Logical Connectives Practice Worksheet

1. In thatched roof sheds which were called hale kuku, women spent long periods of time stamping repeated geometrical designs on endless yards of fabric, the area being kapu or taboo to all others, thus, color was added to the finished cloth.

2. Dyes were made from various plants, barks, roots, and fruit, consequently, even the bitter tasting native raspberries, which grew exclusively in the upper rain forests, produced lovely shades of lavenders and pinks.

3. Although the color black was normally obtained from the soot of kukui or candle-nuts that had been burned, other unusual dye sources included turmeric and burnt sugar cane, accordingly, red earth was also used to add color to cloth.

4. Making dyes for kapa was done by men who extracted the coloring agent from plant matter by pounding it with a stone mortar and pestle, then, after the dye was extracted from the plant, it was mixed with water and made colorfast by means of a mordant such as seawater, urine, or lime.

5. Color was applied to a finished length of kapa cloth by painting the surface of the fabric with the brush-like fibers inside the individual fruitlets or nuts from the hala tree, moreover, kapa cloth was also tinted which meant immersing the sheet of fabric in a dye bath.

6. The goddess Hina, who is the mother of the demi-god Maui, is Hawaii's principal kapa maker, however, in days gone by, the passage of the sun across the sky was too fast to allow her to dry her kapa in just one day.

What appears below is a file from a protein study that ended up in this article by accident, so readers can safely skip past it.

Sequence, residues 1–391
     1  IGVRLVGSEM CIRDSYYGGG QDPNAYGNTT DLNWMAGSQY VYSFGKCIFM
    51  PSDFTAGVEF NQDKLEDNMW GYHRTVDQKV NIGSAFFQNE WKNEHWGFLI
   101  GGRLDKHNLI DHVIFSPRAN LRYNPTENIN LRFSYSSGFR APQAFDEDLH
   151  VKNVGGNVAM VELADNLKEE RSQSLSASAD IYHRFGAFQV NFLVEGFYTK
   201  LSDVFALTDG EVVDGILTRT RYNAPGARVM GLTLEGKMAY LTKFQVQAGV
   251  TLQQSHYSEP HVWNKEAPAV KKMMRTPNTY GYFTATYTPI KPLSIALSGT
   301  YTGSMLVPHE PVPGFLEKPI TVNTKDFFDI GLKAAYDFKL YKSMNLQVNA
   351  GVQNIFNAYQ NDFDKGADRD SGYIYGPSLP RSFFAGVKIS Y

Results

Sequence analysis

7. Maui helped his mother by lying in wait for the sun at the top of the volcanic crater called Haleakala, moreover, when the sun rose and started to cross the sky, Maui broke off some of its rays, as a result, the sun agreed to slow its pace to create a longer day for drying kapa.

8. According to some Hawaiian poets, the clouds in the sky are Hina's newly made sheets of white kapa that have been spread out by her to dry, nevertheless, they say she places stones on her kapa to keep it from being blown away by the wind.

9. When heavy winds blow away the stones, people living on earth get thunder, on the other hand, it is Hina herself who is responsible for throwing down the stones, moreover, they cause explosive rumbling sounds to come roaring out of the sky.

10. When kapa is rolled up by Hina, the folds of her newly made cloth sparkle in the rays of the sun, furthermore, at that time, people living on the earth see lightning.

11. One writer has said that women who spend long days beating newly made sheets of kapa sometimes pause to look up at the clouds, also, when that happens, they probably think of Hina and say, "Hina is also busy making kapa today."